Uncertainty was still stalking the streets of Urumqi, in western China, Friday morning despite heavy security and patrolling helicopters in the sky in the wake of a wave of hypodermic needle stabbings and massive protests.
Helicopters were seen hovering over the city Friday morning, the second time here since the July 5 riot that left 197 people dead.
"I bought a lot of food today. Who knows what will happen next," said Luo Huanzhang, who just returned from a regular morning outdoor market on the Guangming Road.
The market was crowded and many people intended to stock up groceries, Luo said. Residents also keep their forays into public places short.
"I don't know whether I should go to work," said an employee with the Xinjiang branch of China Life Insurance (Group) Company, who only offered his surname of Tang.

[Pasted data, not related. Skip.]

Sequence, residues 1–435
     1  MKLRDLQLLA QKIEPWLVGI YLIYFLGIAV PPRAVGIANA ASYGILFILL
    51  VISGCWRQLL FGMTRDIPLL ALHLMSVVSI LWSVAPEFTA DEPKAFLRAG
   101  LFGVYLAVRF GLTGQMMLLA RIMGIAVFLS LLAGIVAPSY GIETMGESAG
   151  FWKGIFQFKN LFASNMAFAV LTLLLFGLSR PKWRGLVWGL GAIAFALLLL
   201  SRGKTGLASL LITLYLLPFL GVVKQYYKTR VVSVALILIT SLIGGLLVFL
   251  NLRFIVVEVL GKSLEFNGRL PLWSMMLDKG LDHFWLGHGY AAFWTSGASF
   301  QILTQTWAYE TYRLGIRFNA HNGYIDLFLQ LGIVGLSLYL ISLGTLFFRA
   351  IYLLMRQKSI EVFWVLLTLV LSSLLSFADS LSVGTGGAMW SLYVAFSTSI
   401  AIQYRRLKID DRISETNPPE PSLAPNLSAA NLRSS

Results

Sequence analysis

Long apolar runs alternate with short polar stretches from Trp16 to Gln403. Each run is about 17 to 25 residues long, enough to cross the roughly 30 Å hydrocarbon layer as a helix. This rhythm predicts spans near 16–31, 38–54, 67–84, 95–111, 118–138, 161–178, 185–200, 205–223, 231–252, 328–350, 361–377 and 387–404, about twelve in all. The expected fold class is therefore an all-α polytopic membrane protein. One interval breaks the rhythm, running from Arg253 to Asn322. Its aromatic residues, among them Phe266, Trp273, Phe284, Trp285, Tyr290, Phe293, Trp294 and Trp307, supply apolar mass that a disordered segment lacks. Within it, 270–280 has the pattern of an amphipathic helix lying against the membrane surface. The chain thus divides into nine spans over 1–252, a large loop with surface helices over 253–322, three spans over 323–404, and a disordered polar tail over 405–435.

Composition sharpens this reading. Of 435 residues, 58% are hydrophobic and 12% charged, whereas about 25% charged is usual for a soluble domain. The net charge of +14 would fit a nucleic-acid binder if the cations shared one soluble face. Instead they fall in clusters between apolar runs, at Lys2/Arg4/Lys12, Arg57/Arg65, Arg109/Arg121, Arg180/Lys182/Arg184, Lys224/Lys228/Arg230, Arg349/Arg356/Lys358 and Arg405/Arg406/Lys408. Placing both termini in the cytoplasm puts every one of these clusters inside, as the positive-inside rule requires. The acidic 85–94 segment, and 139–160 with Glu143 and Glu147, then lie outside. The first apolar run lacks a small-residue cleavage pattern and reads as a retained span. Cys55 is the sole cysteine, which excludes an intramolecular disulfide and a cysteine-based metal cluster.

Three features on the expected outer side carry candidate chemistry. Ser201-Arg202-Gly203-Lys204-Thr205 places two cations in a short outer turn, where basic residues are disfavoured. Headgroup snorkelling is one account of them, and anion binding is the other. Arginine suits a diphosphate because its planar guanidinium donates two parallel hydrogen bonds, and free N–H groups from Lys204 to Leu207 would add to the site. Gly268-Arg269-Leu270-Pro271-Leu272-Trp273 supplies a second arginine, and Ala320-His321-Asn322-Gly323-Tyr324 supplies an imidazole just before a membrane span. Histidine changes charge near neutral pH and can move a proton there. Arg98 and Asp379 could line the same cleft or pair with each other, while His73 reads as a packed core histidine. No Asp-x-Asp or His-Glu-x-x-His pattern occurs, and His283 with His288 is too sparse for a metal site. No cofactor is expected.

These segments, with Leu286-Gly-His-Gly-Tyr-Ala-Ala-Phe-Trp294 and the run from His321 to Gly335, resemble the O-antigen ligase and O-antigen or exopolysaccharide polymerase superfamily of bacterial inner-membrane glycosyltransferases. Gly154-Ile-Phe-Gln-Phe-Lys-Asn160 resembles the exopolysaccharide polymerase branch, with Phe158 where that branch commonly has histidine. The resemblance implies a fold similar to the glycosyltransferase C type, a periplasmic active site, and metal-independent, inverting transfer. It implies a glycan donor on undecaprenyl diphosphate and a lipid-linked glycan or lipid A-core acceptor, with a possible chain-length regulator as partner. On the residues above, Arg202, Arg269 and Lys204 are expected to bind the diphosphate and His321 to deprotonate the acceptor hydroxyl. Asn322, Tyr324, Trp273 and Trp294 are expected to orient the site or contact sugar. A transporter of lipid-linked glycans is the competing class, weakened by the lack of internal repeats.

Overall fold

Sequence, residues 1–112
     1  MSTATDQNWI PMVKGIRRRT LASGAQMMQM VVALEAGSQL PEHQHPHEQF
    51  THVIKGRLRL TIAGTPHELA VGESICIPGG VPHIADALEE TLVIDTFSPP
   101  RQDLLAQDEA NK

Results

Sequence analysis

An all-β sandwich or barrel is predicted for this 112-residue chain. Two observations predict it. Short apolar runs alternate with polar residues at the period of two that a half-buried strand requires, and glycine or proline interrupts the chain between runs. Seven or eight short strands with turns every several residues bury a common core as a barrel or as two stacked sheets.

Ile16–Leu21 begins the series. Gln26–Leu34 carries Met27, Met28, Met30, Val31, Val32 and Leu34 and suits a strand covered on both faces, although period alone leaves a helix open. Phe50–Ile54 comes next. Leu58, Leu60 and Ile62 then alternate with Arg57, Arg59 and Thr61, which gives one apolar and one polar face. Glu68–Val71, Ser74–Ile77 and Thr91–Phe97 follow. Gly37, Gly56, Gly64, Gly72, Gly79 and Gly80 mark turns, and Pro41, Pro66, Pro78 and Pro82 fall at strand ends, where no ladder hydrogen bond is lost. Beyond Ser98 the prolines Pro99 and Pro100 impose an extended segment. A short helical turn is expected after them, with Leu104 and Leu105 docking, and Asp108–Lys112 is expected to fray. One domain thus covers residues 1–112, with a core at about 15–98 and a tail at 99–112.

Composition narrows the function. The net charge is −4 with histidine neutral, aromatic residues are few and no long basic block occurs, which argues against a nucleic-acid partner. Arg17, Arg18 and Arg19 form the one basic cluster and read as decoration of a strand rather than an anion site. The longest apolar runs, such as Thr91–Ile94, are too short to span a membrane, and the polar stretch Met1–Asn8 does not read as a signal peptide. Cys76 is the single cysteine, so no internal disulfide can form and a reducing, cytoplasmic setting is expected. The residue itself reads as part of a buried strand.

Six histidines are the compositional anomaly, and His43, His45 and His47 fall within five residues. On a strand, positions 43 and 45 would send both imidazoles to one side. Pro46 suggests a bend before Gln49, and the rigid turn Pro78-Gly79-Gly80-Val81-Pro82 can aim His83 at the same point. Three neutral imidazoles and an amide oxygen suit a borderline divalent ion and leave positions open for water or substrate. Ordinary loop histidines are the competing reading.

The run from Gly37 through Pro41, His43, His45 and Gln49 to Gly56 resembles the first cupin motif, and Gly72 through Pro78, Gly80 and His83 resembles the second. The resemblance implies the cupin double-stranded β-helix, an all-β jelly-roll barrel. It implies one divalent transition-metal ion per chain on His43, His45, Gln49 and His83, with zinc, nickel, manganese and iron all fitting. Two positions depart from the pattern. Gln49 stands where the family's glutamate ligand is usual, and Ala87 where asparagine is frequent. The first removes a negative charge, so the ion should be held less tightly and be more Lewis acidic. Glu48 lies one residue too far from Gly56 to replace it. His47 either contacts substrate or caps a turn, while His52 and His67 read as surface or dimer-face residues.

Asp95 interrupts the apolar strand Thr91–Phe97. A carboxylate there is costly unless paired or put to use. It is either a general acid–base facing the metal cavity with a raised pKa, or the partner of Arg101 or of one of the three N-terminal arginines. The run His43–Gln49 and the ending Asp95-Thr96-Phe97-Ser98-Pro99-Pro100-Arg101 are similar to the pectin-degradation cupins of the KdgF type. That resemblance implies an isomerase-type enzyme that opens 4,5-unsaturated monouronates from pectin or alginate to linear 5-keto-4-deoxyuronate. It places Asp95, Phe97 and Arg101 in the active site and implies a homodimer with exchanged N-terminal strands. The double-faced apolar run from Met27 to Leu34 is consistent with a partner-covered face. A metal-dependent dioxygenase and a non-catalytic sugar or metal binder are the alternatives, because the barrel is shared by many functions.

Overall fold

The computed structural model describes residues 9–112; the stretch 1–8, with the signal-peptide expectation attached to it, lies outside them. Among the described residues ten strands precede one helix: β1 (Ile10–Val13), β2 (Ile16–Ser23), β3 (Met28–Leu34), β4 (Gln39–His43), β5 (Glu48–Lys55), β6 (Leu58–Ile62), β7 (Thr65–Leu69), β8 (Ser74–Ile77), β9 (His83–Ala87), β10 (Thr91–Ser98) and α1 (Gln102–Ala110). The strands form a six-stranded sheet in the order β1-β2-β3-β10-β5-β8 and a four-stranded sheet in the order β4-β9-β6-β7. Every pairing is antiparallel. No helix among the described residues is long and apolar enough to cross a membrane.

Traffic controls imposed at 9 p.m. Thursday banned vehicles on major roads in downtown areas such as Youhao Road, Guangming Road and Renmin Square.
People have to walk or cycle, but many chose to stay at home.
Bedclothes seller Chen, 28, said she closed her shop on Wednesday as protests against the needle attacks people flared up.